If you have a disability that prevents you from working, don’t feel like you are alone. You absolutely are not. The truth is that people simply do not talk about disabilities all that often and they are actually more common than people realize.
For instance, the United States has a population of around 328 million. At the same time, about 61 million people have some type of disability. Other estimates put it at about one out of four, or 26% of all U.S. adults.
Population statistics change every year and, realistically, every day. But, while the numbers may shift, it is clear that disabilities have a significant impact on a lot of people, even if the issue flies under the radar. Think of eight people that you know. Statistically, two of them may be living with a disability.
The most common disabilities are those impacting motor skills and mobility, at just over 13%. Next are cognitive disabilities, at just over 10%. The next four are disabilities that affect independent living, hearing, vision and self-care.
Naturally, many of these could co-exist. For instance, someone who suffers a brain injury could wind up with mobility issues and cognitive issues. It depends on a lot of factors, as brain injuries are often vastly different from case to case. That is part of what makes them hard to treat and hard to predict. The amount of healing a person can expect after treatment of their condition is also very different from person to person.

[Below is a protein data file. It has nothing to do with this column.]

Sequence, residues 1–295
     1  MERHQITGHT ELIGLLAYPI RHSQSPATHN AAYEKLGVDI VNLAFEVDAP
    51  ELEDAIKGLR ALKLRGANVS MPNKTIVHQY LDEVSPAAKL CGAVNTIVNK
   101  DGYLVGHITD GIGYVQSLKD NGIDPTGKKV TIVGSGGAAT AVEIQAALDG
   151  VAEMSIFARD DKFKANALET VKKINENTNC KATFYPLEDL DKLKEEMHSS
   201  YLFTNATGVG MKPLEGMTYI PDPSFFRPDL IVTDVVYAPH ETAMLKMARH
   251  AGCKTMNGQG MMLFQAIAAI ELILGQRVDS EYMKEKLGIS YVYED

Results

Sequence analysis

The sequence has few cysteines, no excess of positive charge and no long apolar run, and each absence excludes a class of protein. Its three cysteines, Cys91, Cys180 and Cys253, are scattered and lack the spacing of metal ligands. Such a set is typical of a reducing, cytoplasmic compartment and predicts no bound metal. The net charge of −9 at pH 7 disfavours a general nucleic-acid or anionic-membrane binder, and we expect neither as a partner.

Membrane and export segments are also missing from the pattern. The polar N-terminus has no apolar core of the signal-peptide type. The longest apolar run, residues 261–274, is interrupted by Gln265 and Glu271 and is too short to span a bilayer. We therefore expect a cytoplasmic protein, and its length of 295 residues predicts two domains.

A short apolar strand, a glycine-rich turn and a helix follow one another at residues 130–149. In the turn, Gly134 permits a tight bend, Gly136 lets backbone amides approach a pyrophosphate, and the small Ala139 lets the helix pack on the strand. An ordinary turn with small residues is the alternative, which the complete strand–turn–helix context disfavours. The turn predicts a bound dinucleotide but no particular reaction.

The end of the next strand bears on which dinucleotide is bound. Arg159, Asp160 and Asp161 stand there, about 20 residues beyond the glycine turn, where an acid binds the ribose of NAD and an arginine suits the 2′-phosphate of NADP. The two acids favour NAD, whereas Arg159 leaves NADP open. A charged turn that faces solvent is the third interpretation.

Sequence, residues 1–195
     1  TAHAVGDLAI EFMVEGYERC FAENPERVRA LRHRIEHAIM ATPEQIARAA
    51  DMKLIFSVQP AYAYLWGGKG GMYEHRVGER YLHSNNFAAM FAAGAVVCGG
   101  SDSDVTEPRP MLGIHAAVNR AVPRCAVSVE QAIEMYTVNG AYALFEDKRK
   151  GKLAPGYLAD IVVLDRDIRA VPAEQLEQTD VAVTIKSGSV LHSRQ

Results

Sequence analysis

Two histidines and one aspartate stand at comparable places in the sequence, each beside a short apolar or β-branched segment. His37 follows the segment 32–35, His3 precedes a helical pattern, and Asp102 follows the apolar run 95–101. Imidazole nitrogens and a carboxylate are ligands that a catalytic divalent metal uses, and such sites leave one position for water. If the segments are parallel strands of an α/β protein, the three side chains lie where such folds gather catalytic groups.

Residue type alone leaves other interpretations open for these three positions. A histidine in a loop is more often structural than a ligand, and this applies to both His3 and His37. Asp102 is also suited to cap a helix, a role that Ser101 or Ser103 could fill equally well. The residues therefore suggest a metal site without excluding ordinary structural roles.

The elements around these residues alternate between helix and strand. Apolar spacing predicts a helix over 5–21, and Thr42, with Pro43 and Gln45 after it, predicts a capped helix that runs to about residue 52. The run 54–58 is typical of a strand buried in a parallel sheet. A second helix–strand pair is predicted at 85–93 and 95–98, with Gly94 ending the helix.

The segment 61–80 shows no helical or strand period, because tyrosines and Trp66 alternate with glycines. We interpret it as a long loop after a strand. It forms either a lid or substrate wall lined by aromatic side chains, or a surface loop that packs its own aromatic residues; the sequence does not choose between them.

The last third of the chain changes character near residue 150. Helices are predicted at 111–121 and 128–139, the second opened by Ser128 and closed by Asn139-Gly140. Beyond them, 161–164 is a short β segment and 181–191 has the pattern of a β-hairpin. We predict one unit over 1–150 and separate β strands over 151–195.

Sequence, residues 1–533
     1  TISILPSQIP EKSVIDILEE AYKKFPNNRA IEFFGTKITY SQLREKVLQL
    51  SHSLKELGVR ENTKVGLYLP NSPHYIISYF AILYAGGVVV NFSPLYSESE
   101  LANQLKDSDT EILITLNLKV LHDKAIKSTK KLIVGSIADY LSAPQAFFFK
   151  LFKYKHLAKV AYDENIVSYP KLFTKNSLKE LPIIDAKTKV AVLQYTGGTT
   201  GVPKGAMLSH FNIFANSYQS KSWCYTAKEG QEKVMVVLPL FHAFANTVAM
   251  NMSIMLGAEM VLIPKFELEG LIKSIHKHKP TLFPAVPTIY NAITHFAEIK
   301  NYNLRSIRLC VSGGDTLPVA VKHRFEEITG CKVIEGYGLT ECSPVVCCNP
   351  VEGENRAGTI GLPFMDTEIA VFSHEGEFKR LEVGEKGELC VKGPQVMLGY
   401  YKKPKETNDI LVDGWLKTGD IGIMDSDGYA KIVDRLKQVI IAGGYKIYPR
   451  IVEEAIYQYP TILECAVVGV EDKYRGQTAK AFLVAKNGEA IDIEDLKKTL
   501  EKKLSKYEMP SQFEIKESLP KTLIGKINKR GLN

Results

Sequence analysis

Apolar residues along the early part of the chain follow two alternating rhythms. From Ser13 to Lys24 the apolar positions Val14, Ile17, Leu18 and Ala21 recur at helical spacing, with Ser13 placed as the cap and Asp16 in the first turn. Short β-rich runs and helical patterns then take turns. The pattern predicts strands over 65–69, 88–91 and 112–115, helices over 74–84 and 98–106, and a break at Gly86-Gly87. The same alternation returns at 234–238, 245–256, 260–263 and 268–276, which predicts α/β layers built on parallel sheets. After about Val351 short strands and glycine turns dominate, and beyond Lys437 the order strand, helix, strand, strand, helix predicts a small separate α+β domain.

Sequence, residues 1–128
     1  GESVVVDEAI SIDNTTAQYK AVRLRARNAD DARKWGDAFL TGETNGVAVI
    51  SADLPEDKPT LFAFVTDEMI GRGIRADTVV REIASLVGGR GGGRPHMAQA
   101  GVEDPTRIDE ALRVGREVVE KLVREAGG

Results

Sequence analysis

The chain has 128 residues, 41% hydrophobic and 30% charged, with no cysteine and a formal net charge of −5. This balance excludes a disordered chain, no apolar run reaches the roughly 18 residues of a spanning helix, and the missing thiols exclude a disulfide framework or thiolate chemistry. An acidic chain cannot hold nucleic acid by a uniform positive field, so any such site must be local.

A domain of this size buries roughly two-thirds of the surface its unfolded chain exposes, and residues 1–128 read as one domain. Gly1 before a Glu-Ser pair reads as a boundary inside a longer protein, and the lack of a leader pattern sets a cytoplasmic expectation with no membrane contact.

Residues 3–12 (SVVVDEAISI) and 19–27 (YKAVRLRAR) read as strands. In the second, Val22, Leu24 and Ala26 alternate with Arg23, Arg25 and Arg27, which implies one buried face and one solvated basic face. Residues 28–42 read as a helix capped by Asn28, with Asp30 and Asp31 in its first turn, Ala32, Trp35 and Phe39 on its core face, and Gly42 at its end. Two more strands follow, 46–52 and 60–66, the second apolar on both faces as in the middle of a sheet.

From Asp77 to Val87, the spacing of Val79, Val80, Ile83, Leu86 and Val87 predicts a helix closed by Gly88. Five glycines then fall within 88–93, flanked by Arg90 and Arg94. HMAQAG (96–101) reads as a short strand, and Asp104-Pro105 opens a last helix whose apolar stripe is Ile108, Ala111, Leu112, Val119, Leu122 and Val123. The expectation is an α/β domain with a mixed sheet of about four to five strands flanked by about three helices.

In any case, those living with disabilities need to know that they are not alone, they do have legal options. There are different types of assistance they can obtain when a disability becomes so disabling that they’re unable to work, including Social Security Disability (SSD) and Supplemental Security Income (SSI).